ABSTRACT: The objective of this study was to evaluate the role of ozone therapy (as a part of a comprehensive approach) with its different techniques in the management of diabetic foot problems and chronic nonhealing wounds. The study design included a case series study, with review of the literature. Researchers used an ozone therapy unit, a Navy Diving and Hyperbaric Medicine Institute, and Ozone Therapy Unit, at the Armed Forces Hospital, in Alexandria, Egypt. All patients with diabetic foot problems and chronic nonhealing wounds were treated with ozone therapy from August 2006 to August 2009. Full history and clinical examination to identify diagnosis, and determine therapeutic comprehensive approaches including ozone therapy treatment protocols. Observation notes on the practice of ozone techniques, progress of diseases and outcome were accurately documented. Data were reviewed against best practice described in the literature. We observed overall successful treatments in 87% (46% of them complete healing) of patients treated with ozone. We reported the general and topical effects of ozone correlated to the technique used. The present study offers the clinical evidence which supports and recommends the use of ozone in diabetic foot and chronic nonhealing wounds. Cooperation between surgeon and ozone therapist is a must for successful outcomes. Randomized controlled trials should be performed as an essential method for accurately proving the reliability, efficacy and possible side effects of ozone therapy, and to introduce ozone to the world of surgeons and clinicians.
    Ozone Science and Engineering 11/2012; 34(6). DOI:10.1080/01919512.2012.718700 · 0.95 Impact Factor
  • Source
    [Show abstract] [Hide abstract]
    ABSTRACT: This study aimed to compare the antimicrobial efficacy of low temperature atmospheric pressure plasma (LTAPP) design and gaseous ozone delivery system with 2.5% NaOCl on E.faecalis in root canal walls and dentine tubules. The samples were divided into LTAPP (n=12), ozone (n=12), NaOCl (positive control, n=12); and saline (negative control, n=6) groups. Microbial samples were collected using paper points and dentin chips from root canals. Antimicrobial efficacy was assessed by counting the Colony Forming Units of E. faecalis before and after each irrigation protocol. Data were analyzed using Kruskall-Wallis, Wilcoxon signed-rank, Friedman and Bonferroni t (Dunn's test) tests (P=0.05). The microbial sampling with paper points showed antibacterial efficacy of NaOCl, LTAPP, ozone, and saline in descending order, respectively (P<0.05). The microbial sampling with dentin chips demonstrated a superior efficacy of LTAPP compared to NaOCl in the middle third (P<0.05), while both had similar effects in coronal and apical thirds (P>0.05). NaOCl and LTAPP were better than ozone at the coronal and middle parts of the root canals (P<0.05). These findings led us to suggest that LTAPP, which has no thermal and chemical effects, may be of great aid in endodontic treatment. This article is protected by copyright. All rights reserved.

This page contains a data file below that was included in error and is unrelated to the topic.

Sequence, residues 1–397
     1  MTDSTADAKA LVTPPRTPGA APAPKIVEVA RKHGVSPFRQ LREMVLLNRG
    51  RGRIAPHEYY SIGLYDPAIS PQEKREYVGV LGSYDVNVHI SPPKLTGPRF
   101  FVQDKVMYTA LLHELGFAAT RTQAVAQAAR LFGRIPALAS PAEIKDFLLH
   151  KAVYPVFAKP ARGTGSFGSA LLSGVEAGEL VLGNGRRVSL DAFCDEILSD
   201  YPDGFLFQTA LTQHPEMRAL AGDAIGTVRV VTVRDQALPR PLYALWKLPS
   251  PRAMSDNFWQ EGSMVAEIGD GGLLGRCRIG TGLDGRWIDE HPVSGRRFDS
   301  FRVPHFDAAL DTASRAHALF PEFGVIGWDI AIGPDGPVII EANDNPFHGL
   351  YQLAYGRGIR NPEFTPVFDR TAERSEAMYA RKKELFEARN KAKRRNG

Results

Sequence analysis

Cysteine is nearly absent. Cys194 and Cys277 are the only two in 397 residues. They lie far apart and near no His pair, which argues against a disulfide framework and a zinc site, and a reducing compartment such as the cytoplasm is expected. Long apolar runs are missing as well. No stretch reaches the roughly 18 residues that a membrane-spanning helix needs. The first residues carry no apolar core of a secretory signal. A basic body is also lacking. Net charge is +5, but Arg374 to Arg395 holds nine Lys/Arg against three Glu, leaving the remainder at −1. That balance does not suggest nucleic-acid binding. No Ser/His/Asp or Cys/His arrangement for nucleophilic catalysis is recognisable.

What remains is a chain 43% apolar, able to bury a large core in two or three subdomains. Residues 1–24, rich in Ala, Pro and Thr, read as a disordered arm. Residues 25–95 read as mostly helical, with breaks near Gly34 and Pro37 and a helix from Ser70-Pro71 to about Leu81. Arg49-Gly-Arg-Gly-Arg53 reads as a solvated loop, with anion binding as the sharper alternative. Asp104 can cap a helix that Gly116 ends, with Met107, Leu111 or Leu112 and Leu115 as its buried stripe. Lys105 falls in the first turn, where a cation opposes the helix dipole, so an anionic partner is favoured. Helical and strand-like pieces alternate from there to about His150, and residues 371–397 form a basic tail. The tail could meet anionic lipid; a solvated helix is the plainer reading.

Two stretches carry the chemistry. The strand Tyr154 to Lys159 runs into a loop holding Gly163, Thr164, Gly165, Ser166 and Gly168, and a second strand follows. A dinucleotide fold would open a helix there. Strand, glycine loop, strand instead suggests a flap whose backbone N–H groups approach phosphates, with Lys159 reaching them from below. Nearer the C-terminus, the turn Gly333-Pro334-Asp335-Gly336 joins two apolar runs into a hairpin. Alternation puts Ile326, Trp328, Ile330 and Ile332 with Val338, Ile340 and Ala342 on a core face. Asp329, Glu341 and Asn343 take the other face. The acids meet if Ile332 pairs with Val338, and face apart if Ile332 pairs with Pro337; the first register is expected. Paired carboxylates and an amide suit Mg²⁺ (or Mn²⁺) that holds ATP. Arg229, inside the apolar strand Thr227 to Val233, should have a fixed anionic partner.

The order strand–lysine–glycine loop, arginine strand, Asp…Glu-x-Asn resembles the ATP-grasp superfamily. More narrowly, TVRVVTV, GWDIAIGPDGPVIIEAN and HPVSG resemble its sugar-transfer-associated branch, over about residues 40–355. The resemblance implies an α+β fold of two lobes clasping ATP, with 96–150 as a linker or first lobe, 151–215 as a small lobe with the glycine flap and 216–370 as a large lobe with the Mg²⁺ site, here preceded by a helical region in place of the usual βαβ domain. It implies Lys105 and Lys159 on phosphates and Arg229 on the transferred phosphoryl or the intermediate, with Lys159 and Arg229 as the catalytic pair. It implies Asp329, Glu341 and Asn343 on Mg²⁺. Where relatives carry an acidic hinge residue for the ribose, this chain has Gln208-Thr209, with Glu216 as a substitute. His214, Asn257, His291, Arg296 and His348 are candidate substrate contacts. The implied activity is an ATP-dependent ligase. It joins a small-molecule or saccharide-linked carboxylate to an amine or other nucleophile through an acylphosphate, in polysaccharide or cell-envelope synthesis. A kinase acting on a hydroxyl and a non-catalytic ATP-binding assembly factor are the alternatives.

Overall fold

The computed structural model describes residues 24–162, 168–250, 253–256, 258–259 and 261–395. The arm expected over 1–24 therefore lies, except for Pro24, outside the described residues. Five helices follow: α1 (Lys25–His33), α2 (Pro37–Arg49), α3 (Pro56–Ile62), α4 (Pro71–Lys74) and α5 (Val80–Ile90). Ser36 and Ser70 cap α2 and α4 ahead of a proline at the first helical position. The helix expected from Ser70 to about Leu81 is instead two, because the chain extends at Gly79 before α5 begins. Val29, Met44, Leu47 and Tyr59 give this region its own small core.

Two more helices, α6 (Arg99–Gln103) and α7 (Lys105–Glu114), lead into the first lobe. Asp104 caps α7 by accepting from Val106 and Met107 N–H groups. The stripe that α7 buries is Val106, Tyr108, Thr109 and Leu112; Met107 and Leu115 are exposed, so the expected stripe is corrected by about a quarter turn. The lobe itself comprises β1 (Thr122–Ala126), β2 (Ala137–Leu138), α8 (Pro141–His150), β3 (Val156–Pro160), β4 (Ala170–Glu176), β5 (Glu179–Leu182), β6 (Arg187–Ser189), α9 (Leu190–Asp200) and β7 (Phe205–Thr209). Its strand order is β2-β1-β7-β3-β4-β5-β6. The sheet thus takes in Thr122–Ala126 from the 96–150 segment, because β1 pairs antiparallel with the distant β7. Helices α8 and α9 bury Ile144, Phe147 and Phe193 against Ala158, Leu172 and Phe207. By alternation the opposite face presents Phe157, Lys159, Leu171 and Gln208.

Letters in Applied Microbiology 08/2013; 58(1). DOI:10.1111/lam.12148 · 1.75 Impact Factor